Stephen J.LurieMD, PhD, Senior EditorIndividualAuthor
Copyright 2002 American Medical Association. All Rights Reserved.
Applicable FARS/DFARS Restrictions Apply to Government Use.2002
To the Editor: Dr Schneider and colleagues1 found that black patients in Medicare managed care
organizations (MCOs) had poorer quality of care than white patients. Although
numerous studies have reported racial disparities in health care, few have
examined whether physician characteristics or treatment recommendations contribute
to these disparities.2- 4
We previously reported that Hispanic and black patients with severe coronary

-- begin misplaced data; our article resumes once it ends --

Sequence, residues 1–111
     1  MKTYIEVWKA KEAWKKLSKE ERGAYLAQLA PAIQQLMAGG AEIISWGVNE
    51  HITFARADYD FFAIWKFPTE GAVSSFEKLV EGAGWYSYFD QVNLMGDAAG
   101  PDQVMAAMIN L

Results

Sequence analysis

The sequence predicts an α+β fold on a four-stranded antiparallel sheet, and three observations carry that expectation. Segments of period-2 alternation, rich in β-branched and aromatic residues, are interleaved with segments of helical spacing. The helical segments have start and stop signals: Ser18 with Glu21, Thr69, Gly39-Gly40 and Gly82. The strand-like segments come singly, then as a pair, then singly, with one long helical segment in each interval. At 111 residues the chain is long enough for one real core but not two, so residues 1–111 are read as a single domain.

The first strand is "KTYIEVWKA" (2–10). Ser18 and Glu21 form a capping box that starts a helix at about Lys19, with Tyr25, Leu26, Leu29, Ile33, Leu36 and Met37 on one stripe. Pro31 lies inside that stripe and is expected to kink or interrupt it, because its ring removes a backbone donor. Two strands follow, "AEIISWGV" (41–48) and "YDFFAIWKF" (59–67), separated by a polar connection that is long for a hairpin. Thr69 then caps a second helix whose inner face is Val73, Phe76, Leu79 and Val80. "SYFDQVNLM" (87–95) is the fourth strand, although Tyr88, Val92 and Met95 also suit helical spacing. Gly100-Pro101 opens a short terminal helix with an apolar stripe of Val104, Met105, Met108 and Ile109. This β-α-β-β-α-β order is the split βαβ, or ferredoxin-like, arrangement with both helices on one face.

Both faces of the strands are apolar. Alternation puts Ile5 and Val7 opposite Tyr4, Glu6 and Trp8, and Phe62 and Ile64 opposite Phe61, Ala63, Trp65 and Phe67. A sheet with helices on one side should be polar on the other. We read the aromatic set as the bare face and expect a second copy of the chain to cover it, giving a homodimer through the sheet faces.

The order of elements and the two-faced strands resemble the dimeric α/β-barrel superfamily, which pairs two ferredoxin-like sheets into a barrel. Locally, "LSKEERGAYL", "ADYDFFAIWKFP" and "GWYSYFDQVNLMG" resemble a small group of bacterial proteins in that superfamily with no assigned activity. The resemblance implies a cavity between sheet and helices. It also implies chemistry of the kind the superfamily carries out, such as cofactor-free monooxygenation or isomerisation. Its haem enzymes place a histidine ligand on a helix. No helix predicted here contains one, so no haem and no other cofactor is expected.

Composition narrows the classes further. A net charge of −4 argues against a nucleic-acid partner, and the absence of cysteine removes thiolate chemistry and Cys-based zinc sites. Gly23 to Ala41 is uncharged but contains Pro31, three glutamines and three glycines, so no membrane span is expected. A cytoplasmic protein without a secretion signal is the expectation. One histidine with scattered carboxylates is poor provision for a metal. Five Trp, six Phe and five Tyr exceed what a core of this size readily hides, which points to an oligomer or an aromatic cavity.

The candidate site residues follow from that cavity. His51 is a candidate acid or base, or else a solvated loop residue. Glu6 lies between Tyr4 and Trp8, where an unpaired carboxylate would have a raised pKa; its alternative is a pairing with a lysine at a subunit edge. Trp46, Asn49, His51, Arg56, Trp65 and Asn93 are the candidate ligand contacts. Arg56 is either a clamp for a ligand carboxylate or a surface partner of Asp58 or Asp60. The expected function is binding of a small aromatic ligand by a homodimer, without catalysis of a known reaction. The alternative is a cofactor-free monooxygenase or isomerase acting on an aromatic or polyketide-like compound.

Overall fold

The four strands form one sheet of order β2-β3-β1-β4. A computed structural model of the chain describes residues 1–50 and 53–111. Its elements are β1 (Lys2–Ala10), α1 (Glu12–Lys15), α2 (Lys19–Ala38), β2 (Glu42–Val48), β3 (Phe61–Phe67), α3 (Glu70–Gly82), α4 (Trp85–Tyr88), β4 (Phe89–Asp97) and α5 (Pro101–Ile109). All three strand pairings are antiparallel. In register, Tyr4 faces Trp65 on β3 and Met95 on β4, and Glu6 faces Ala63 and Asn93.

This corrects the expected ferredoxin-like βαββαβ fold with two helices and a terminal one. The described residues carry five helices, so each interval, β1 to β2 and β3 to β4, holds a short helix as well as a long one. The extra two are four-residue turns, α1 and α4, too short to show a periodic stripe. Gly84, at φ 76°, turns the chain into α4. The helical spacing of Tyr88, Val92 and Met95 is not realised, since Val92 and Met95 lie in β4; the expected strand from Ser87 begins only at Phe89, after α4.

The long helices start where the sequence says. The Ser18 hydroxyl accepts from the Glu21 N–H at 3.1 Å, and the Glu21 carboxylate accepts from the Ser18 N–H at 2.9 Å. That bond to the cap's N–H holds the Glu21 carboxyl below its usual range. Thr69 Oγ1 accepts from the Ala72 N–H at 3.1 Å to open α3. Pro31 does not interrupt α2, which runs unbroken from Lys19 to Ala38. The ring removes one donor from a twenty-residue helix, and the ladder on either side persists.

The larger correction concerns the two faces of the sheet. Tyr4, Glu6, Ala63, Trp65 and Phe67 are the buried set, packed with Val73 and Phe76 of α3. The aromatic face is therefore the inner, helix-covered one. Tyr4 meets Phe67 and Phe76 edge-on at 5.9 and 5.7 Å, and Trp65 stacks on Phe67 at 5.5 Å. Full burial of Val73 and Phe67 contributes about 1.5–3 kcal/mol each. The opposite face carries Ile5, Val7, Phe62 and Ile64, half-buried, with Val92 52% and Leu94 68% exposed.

artery disease were less likely than white patients to have revascularization
recommended after angiography.2 However,
hospital records of patients for whom medical therapy was recommended revealed
that medical factors, such as diffuse disease, precluded some patients from
undergoing the procedure. In addition, nonmedical factors, such as patients'
refusal of the physician recommendation for revascularization and preference
for conservative medical therapy, contributed to our findings. This suggests
that clinical as well as nonclinical or psychosocial factors account for disparities
in cardiac care, with overt racial/ethnic discrimination less likely. Such
factors cannot be gleaned from large administrative databases such as those
used by Schneider et al.
Barnhart J, Wassertheil-Smoller S. Racial Disparities in Health Care. JAMA. 2002;287(22):2942-2943. doi:10.1001/jama.287.22.2942